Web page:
This is to insure that definitions are available to the client even if GUPs are unavailable. To understand the bandwidth savings of using a GUP it is important to understand the amount of traffic generated by definitions updates.A freshly installed client will take a few hundred megabytes to get updated to the latest definition set.Depending on how you publish definitions within your environment, something else to consider is the difference between cheap and expensive bandwidth.In some environments client communication will go over the WAN while Internet traffic will traverse through a cheaper local ISP.This is the same whether you have ten clients over the remote WAN link or two hundred.
The GUP technology in SEP allows administrators to designate client systems within the environment to distribute client definitions in a peer fashion.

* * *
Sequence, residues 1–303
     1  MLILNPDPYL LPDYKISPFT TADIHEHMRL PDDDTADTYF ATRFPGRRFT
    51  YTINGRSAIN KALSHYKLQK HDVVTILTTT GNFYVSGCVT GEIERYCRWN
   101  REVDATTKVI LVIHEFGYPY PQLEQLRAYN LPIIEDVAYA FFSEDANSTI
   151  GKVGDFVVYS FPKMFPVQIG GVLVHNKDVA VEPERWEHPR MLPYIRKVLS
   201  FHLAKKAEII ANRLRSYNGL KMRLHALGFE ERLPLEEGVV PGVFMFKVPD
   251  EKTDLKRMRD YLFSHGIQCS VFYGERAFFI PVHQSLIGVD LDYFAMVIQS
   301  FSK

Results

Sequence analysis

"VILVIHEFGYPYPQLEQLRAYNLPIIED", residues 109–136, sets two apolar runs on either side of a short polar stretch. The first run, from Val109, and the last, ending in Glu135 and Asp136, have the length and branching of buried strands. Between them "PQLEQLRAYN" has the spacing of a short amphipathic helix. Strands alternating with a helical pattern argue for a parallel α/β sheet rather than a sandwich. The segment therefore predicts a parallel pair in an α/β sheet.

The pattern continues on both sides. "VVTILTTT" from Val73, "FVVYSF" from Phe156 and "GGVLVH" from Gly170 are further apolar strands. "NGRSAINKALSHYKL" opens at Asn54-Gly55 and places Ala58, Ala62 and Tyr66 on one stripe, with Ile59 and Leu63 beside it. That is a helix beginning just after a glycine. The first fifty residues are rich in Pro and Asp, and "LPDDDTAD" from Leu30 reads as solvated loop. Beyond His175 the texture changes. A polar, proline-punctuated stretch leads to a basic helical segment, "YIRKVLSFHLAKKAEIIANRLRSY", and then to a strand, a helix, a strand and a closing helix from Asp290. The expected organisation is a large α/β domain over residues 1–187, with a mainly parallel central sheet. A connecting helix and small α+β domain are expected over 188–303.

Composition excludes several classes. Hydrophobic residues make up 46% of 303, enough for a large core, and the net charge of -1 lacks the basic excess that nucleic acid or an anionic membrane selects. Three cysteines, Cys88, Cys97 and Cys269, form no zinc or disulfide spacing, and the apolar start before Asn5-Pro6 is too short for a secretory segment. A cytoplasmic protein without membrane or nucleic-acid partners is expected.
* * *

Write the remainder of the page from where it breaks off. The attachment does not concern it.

While in the field we have seen clients use GUPs in different ways, the purpose of the GUPs was to reduce bandwidth requirements.
On a subnet over a WAN link, you would have a single client retrieving definitions from the SEPM.
If you are not certain what version of Symantec Endpoint Protection you are using, launch Symantec and click the “Help” or “Help and Support” button in the upper right-hand corner of the window. If you recently received a pop-up message from Symantec indicating that your virus definition files are out of date, and you are unable to update them, this is another indication that you are using an unsupported version of Symantec Endpoint Protection.
If you are using the managed Symantec Endpoint Protection client (indicated by a green dot on the Symantec shield in your system tray) and the version number is 11, please contact IT support in your department or Computing Services and Systems Development directly to obtain the latest version.